The man above is Henry Lenthall (1819-1897), a photographer who operated a studio at 222 Regent Street, London, where the photo was printed. The studio had been established in 1856 by pioneering daguerreotypist William Edward Kilburn (1818-1891), when Kilburn moved there from his original (smaller) studio at 234 Regent Street. In 1862 Kilburn retired from photography, at which point Lenthall took over the 222 Regent Street address. Lettering on the front and back of the carte-de-visite describes Lenthall as Kilburn’s successor:
William Edward Kilburn’s distinguished sixteen-year career as a photographer had included serving as “Photographist to Her Majesty and His Royal Highness Prince Albert” from 1846 to 1852. (Kilburn made the first daguerreotype portraits of Queen Victoria and her family in 1847.) After Kilburn’s retirement, Henry Lenthall acquired the rights to reprint at least some of Kilburn’s photographs, such as this portrait of Florence Nightingale:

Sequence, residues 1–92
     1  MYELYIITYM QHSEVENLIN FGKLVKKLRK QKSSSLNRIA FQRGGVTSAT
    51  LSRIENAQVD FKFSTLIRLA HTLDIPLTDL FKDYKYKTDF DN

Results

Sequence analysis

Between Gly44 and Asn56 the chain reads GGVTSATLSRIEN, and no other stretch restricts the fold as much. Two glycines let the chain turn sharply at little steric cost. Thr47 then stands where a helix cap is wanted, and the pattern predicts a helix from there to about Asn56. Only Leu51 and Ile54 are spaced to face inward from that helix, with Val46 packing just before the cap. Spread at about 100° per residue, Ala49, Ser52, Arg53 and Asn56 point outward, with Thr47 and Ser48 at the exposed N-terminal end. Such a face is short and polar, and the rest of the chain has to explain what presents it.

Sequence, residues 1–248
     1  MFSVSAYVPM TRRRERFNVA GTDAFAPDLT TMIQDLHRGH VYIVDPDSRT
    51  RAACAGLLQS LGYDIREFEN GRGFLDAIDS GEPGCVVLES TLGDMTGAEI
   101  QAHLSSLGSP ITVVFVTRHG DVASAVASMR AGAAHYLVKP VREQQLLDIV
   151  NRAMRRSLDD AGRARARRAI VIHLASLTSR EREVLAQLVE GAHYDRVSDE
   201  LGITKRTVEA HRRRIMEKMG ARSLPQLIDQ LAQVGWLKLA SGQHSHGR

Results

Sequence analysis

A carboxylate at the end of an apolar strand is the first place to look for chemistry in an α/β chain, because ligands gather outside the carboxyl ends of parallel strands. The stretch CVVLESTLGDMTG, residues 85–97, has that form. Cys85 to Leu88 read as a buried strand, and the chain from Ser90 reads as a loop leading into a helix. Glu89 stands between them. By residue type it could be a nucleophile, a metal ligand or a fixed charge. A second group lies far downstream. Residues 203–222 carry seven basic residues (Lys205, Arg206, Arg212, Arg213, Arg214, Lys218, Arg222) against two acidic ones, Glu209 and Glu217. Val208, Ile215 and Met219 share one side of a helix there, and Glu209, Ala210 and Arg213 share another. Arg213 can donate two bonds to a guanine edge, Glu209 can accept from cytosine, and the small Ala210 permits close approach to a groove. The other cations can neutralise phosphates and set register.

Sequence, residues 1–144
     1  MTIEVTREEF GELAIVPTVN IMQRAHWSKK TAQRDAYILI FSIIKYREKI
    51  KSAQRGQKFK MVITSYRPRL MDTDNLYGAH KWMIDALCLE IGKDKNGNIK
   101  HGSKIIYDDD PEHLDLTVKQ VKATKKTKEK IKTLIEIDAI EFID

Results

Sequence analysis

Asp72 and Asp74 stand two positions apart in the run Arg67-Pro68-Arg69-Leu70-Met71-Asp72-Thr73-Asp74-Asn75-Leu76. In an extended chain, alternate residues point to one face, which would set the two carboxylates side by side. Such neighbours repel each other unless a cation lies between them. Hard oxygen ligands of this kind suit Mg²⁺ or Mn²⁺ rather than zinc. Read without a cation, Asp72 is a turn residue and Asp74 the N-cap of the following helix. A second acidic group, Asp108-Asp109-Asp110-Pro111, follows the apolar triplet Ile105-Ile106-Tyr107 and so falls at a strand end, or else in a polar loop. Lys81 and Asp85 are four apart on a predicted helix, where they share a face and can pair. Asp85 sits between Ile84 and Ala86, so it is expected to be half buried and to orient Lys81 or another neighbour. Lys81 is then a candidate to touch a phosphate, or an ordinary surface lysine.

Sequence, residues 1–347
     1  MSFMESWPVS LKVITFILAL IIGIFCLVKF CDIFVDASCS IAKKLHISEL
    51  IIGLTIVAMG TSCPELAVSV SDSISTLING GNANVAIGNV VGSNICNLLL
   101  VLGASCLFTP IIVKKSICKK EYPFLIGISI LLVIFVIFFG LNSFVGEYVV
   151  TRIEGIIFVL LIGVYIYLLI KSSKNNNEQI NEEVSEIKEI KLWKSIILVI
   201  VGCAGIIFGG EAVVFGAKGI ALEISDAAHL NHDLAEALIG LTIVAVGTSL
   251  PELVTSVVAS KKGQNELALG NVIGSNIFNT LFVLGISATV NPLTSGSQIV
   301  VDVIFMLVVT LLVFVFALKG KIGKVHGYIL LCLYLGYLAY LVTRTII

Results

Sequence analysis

Lenthall may have given out cartes with his own portrait on them as a form of business card or calling card, a common practice in the 1860s and 1870s. If so, other examples may exist, but I have yet to find another. I bought this one from a photo dealer in Bath, England.
According to family trees on Ancestry.com, Lenthall and his wife, Ann Boggett Lenthall (1822-1916), had seven children: four girls and three boys. The first (a girl) was born in 1845 and the last (a boy) was born in 1861.
A list of all known portraits of Florence Nightingale mentions that Henry Lenthall’s stock was eventually acquired by the London Stereoscopic & Photographic Company.
Other sources (partial list):
Portrait Photographs in the Royal Collection: Prince Albert (1848), daguerreotype by William Edward Kilburn.
National Portrait Gallery: Florence Nightingale, albumen carte-de-visite, printed by Henry Lenthall, after William Edward Kilburn. Includes interesting context behind the original portrait.
David Wooters, “Daguerreotype Portraits by William E. Kilburn,” Image Vol. 33, Nos. 1-2 (Fall 1990): p. 21-29. The most detailed article I found about Kilburn. Lenthall is mentioned as his successor at the end of the article.